Utopia on the radio: climate justice and utopia-related podcasts.

For those times when reading is impractical – chopping vegetables, folding laundry – you can still absorb utopian content through your ears. Have I made that sound appealing? What I mean to say is you can listen to inspiring and funny podcasts about climate justice and the possibility of a better world. Such as these.

Free-Thought Podcast by Shuddhashar

I came to this podcast for an interview with Dr Heather Alberro, an academic working in the area of social and political sciences. Alberro has an interest in green utopianism and the interview discusses the challenges of ‘creating a world that is sustainable and environmentally just’.

Alberro explains with such ease how the good health of economies and the environment are intertwined it makes you wonder how anyone thinks we should have to choose one over the other.

The whole idea behind environmental justice is that these things are very closely intertwined, you can’t have ecological wellbeing and sustainability without guaranteeing social wellbeing, breaking down hierarchies around class, race, gender, access to resources.

Dr Heather Alberro

After the interview with Alberro, I rolled straight into the next episode – an interview with anthropology scholar Avery Delany about decolonisation. I am very intrigued by this podcast series.

Jon Richardson & The Futurenauts

Comedian Jon Richardson, of BBC 6 Music Sunday morning radio show fame (yeah he’s done some telly and stand up since), hosts this podcast with futurists/Futurenauts Ed Gillespie and Mark Stevenson. The structure of each episode on subjects such as food, work, energy and nature is based around two questions. Firstly, how fucked are we? (Invariably, royally.) Secondly, how do we unfuck ourselves?

In series two they consciously invited guests in to break up their all-bloke line up a little. Highlights for me were Kate Raworth, author of Doughnut Economics, on the Future of Economics and an episode on the Future of Shit (yes, human faeces) with Rose George. I think about that one every time I flush the toilet, and every time I don’t.

I have to say though I think I preferred the first series. Three people saying stuff I agree with about topics that worry me and making it funny, with some practical ideas too. I found it reassuring and hopeful.

Mothers of Invention

Climate change is a manmade problem with a feminist solution. Boom! Each episode of this podcast features women around the world who are taking action in their communities to change the world for the better. The show invites them to tell their own stories of inventing sustainable solutions to the climate problems they face.

Learning about these womens’ fights for climate justice is inspiring and inspires hope. This is another hugely uplifting podcast about terrifying issues.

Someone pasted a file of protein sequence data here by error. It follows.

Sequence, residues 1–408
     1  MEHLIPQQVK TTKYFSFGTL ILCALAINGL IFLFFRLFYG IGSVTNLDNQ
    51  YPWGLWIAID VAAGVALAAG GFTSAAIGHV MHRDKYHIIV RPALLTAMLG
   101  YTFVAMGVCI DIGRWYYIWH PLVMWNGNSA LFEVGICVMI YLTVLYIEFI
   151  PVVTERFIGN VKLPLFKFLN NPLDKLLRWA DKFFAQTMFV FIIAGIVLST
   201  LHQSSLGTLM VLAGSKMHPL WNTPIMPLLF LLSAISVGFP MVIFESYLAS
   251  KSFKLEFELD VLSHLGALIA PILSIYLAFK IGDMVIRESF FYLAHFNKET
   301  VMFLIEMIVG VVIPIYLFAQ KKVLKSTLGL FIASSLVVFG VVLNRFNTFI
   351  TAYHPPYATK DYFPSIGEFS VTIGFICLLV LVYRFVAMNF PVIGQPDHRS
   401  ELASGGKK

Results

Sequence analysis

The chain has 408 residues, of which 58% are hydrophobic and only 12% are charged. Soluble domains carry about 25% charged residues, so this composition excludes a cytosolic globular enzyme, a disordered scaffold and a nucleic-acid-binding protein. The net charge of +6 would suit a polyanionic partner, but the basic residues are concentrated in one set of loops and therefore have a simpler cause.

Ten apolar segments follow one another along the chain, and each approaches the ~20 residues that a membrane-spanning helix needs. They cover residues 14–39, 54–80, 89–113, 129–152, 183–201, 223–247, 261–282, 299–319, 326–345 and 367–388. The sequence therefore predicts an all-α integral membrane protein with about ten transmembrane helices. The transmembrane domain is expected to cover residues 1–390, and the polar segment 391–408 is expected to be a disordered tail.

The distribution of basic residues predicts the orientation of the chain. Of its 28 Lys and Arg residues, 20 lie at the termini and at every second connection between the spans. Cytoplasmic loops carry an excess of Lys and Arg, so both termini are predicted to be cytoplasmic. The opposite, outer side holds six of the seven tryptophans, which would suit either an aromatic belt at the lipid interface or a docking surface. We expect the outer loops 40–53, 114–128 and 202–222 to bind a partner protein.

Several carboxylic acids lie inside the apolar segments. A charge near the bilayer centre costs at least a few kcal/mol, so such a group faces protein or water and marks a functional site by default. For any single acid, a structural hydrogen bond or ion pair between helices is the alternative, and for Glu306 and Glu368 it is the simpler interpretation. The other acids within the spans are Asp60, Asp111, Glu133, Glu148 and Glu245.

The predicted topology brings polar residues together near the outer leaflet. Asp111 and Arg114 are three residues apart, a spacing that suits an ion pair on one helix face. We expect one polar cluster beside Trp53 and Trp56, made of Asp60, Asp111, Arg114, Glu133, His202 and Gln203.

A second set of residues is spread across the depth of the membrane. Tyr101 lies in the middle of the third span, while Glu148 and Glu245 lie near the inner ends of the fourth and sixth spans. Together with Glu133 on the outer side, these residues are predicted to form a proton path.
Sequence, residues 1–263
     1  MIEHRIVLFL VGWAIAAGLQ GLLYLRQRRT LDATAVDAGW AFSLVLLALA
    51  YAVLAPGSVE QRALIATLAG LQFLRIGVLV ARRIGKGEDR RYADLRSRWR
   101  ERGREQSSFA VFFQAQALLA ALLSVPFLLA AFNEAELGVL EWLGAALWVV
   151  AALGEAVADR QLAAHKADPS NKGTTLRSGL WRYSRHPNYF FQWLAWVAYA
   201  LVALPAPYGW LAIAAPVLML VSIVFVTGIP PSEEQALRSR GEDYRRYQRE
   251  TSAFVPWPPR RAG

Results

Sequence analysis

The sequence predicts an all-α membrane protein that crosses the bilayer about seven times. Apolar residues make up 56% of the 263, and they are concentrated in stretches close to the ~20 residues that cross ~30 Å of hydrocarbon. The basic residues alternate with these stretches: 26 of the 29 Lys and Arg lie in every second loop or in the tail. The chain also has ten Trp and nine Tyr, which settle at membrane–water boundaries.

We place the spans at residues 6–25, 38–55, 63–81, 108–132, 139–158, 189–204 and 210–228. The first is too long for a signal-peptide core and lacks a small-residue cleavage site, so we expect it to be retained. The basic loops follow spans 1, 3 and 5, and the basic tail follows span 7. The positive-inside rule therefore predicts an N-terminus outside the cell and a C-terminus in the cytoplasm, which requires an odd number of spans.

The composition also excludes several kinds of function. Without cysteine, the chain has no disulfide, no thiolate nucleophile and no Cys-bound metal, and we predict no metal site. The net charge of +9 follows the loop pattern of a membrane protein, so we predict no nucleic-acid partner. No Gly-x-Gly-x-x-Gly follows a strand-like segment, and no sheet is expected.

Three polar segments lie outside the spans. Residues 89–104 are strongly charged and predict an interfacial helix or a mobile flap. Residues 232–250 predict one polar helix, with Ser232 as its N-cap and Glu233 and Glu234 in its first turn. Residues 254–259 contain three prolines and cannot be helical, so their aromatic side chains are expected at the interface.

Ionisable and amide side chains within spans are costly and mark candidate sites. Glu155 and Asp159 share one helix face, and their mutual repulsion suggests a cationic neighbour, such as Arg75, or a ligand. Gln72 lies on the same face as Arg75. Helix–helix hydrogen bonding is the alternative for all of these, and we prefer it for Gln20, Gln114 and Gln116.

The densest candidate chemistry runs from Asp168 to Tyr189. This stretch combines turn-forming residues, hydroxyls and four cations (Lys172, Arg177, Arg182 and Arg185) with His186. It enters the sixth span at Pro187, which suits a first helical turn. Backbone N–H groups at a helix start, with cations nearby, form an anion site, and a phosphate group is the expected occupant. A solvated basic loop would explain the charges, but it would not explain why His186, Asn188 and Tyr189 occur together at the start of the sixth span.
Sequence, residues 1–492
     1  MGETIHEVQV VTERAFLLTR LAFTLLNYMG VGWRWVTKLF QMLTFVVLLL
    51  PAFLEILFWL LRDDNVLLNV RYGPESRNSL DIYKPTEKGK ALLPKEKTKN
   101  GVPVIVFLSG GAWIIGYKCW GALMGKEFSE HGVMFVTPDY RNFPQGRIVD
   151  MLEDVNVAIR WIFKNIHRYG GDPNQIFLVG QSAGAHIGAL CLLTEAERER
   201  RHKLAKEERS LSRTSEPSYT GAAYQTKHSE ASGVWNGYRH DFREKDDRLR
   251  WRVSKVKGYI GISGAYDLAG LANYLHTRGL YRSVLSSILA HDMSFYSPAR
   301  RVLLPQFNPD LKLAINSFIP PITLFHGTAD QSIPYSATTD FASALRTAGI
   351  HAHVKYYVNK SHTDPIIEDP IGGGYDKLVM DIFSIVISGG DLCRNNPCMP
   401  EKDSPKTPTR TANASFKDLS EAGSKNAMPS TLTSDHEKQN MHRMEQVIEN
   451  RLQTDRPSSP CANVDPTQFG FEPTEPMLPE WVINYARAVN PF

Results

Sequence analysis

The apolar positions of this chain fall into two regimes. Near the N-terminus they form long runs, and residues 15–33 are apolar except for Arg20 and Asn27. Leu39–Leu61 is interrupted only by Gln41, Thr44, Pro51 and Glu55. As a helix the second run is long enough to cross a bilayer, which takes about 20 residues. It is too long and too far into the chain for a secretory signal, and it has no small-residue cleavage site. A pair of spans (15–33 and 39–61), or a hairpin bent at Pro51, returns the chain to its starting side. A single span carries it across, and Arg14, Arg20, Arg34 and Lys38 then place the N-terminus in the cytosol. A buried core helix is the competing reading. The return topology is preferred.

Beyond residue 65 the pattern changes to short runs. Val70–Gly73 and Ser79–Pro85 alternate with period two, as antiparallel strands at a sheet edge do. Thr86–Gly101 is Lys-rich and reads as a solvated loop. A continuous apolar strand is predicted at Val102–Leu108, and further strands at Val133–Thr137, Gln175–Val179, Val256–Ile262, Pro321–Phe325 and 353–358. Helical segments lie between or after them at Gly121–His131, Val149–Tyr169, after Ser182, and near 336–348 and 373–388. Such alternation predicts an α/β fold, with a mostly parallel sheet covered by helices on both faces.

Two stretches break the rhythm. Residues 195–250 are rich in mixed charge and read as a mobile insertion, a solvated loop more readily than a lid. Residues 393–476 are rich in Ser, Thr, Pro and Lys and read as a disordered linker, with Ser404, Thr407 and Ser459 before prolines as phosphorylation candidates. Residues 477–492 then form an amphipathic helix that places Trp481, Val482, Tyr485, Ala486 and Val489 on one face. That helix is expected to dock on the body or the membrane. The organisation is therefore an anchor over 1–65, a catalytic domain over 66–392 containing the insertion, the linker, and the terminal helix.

The hosts are former Irish president Mary Robinson and comedian Maeve Higgins, joined by their producer Thimali Kodikara in series three.

ASLE EcoCast

This is the literary entrant in my list. The ASLE EcoCast is the podcast of the Assocation for the Study of Literature and Environment, an academic society. Each episode the hosts are joined by a different academic working in the areas of literature and the environment.

I have two favourite features of the show. Firstly, host Jemma Deer exploring the etymology of an apposite word like ‘forest’, ‘scene’ or ‘book’ in a poetic kind of way at the start of each episode. Secondly, I like hearing about the guest’s route into academia and whatever specific area of interest they are currently working on. Hearing their way in gives me a way into their work. It also makes me wonder what story I might tell in the future…

Listening to climate justice and utopia podcasts
That’s it folks, happy listening! Let me know your recommendations in the comments or contact me here.

Five top tips for imagining climate fiction utopias

Climate fiction utopias could be enormously important. We all know by now the horrors that await if we carry on as we are. This knowledge can be paralysing and depressing. What we need to envision are alternative ways of being where we are on the right track. We need to believe that alternative futures are possible.

This is where climate fiction utopias come in. I recently participated in a workshop on this subject organised by Green New Deal UK – Bristol and hosted by Sophia Cheng of Cli-Fi For Beginners and Deborah Tomkins of Bristol Climate Writers. The writing prompt was to imagine Bristol in 2040: “Bristol is a city transformed through its citizens’ collective vision and committed action. What do you see?”

What I want to share with you from the workshop isn’t a piece of creative writing, because I didn’t come up with anything (let alone anything good). But I certainly thought a lot about the genre of climate fiction and what a climate fiction utopia needs to do in order to achieve its radical potential.

Keep it radical

If you imagine a near future climate fiction utopia you might think of a family who have solar panels to generate all the electricity they need to power their home and electric car, and who grow their own veg according to organic principles. This seems uncontroversial enough, right? But stop and ask yourself, are they a nuclear family unit living in a privately owned home with a private car? Are they white, able-bodied, straight, cisgender?

What I’ve outlined above isn’t a utopia, it’s an aspirational middle class lifestyle within the already existing status quo. What a climate fiction utopia needs to do is think differently, to be based on a different system of thought, where different ways of living and being are in action, are being enacted. When it does this, it might achieve its radical potential of teaching us to imagine alternative and better ways of being. And, bearing in mind that whatever we want we have to imagine first, if climate fiction utopias can teach us how to imagine better ways of being they can give us hope. Hope that we will end up somewhere other than in climate catastrophe.

With that in mind, these are my five top tips for harnessing the radical potential of climate fiction utopias.

1. Imagine the future, not the present

Here in Bristol, UK in 2021 you can already have organic oat milk delivered to your door, cycle to work and eat local, seasonal food for lunch. Sometimes it’s nice to realise there are choices you can already make to feel better about the future. But to imagine climate fiction utopias, we need to go beyond what already exists.